I did a bunch of design internships while I was still in college but I guess it all really started when I got my first job at L’Officiel Manila. I was an editorial assistant but because the team was very lean, a lot of our roles overlapped and I ended up doing a lot of art direction and graphic design for our digital platforms. Under the guidance of the digital editor at the time Andrea Ang and the title’s creative director Miguel Mari, I refined my taste, honed my skills, and developed a solid work ethic. From there, everything just fell into place. I met a lot of creative heads from different industries while working in publishing and a lot of them ended up being people I work with or for now that I freelance. In fact, my first boss, Andrea, is still my boss now at Homeroom Creatives which she co-founded with Marga Buenaventura. They’ve both been such great sources of inspiration and motivation.

 

Not a lot of people really understood that design is in everything—it’s what makes the world go ‘round.

Were the people around you supportive of your decision on working as a creative?

Earlier on in life, it was harder to get people to be on-board with my decision to go into design. My parents, teachers, relatives, and even my peers questioned my college application choices because they felt like I’d be “wasting” my intelligence on design. Not a lot of people really understood that design is in everything—it’s what makes the world go ‘round. My mom is still a bit wary about me being a freelance creative now because it isn’t a traditional job. But that’s fine, I know she’s just worried for my future. It’s just a system she doesn’t fully understand yet. We’re all getting there, I think—to a point where design and the arts are seen in the same light and with the same value as any other job.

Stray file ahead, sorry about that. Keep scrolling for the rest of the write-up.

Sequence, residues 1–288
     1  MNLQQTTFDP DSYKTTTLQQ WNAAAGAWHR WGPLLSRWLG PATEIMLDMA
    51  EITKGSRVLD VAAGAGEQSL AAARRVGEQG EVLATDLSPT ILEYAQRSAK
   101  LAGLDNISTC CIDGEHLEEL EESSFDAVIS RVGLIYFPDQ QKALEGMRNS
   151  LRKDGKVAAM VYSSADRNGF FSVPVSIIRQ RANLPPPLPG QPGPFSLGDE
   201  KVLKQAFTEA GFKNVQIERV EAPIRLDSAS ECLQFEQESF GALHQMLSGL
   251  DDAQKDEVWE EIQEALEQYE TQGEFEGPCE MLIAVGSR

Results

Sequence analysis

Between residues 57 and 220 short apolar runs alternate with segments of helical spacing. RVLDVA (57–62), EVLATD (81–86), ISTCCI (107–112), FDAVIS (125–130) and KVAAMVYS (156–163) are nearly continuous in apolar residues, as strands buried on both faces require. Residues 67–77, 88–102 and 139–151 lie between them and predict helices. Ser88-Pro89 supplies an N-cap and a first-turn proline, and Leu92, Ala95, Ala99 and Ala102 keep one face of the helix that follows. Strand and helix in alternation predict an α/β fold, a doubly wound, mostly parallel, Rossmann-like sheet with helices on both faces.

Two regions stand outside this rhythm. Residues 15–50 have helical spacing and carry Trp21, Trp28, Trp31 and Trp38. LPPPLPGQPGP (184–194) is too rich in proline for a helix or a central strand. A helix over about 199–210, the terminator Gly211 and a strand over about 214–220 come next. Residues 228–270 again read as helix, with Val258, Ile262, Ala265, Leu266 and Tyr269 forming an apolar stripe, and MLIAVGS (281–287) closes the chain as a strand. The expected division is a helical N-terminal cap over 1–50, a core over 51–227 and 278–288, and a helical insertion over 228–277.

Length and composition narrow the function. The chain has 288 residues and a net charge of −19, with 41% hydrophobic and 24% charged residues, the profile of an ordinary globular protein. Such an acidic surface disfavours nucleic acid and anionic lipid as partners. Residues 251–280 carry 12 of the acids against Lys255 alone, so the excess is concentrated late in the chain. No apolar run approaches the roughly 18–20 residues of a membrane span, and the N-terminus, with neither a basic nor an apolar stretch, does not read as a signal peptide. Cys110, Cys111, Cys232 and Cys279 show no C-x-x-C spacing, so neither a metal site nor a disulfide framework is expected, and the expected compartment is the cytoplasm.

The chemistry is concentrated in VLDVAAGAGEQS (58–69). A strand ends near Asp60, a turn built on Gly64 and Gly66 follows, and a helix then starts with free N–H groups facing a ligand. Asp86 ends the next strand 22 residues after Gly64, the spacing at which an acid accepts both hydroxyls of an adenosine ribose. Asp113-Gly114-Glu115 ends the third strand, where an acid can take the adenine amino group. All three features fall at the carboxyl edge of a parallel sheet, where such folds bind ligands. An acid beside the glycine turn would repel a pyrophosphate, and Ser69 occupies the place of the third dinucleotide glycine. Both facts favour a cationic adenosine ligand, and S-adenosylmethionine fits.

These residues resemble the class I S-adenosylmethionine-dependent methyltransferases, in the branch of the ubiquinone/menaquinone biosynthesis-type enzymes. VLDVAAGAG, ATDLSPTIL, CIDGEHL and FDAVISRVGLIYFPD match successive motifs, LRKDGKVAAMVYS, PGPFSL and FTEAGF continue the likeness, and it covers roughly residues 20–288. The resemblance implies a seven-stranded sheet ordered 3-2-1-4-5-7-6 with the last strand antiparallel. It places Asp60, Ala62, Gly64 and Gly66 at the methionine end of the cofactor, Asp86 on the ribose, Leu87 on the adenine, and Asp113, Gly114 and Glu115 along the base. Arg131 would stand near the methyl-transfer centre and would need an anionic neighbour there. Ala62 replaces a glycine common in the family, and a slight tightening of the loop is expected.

What are some goals and ambitions you have for your future work?

One of my biggest goals is really to do a handful of book and album covers. I also want to end up working as the creative director of a magazine or fashion house someday. We’ll see.

 

One of my biggest goals is really to do a handful of book and album covers. I also want to end up working as the creative director of a magazine or fashion house someday. We’ll see.

If you could collaborate with any person in the world who would it be?